The book is not particularly my cup of tea. Nevertheless, I enjoyed it, despite the sad subject. The Golden State Killer, also known as the East Area Rapist, raped and killed from the 70s until just recently when he was caught. An ex-cop! Michelle died in 2016 before the book was started.
I saw Patten Oswald, the author's widower, on a talk show and was intrigued. The book was stitched together from McNamara's extensive research and writings on the GSK. In fact, she provided the moniker. She was obsessed with this particular case. She maintained a crime web site for many years. She was tireless in her quest to see the GSK put away. Endless interviews, site visits and so on were her bread and butter.
She had written published articles on the subject, as well as several partially complete essays, and reams of notes and thoughts. These were compiled together into this book.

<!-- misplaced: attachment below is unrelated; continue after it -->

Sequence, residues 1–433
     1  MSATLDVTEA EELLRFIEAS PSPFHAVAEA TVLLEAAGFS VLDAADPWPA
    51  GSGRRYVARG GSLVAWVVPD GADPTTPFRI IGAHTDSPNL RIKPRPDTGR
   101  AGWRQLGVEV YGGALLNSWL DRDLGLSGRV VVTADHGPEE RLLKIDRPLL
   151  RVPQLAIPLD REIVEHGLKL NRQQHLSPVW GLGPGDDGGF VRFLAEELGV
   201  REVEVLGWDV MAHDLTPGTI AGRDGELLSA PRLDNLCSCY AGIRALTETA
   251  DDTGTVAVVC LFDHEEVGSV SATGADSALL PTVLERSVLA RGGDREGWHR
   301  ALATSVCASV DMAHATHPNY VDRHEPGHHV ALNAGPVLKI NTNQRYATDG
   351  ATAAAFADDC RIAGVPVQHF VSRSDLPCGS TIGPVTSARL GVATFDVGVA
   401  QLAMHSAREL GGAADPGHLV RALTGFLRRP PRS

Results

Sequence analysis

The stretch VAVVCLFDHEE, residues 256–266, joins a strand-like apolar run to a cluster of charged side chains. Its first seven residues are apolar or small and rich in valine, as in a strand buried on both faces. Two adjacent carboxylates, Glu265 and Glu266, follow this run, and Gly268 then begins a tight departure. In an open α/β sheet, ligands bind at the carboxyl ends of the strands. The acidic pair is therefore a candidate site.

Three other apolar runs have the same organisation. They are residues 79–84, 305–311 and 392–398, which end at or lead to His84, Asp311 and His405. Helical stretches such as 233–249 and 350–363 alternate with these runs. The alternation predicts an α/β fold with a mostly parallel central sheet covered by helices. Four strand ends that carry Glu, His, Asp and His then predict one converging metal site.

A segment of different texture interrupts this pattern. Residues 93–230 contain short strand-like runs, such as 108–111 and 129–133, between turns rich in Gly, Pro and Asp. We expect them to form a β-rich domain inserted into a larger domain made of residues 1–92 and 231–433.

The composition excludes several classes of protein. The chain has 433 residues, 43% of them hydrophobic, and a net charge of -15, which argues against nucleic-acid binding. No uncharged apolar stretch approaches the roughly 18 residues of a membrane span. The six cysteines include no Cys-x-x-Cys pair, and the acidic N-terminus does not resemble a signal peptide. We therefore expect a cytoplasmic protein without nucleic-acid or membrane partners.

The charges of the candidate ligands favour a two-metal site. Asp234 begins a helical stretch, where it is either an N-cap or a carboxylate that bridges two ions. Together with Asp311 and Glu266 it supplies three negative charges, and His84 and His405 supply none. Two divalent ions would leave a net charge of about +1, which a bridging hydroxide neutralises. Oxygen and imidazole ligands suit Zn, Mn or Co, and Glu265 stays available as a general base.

Her writing is excellent. The subject matter is gruesome, but she never allowed the reader to get drawn too deep into the darkness. Unfortunately, other parts of the books are not her words directly. The narrative jumps about in time, which is confusing, is it tries to pull the pieces together.
Reading about young women (and couples), attacked, bound, psychologically tortured, and often finally raped and killed is pretty hard.
The GSK was finally found by submitting DNA to a commercial DNA ancestry tracing service. The bad guy turned out to be a cop. Surprised? I am not. Rape is about exercising power and control over others. That is practically the job description of a cop.
The book is engrossing and despite that fact that I knew how it was to end, enjoyable (and disturbing). It is a real shame that the murderer was caught just after her death and the release of the book. She earned the right to see the story's ending.
Lee Moller is a life-long skeptic and atheist and the author of The God Con.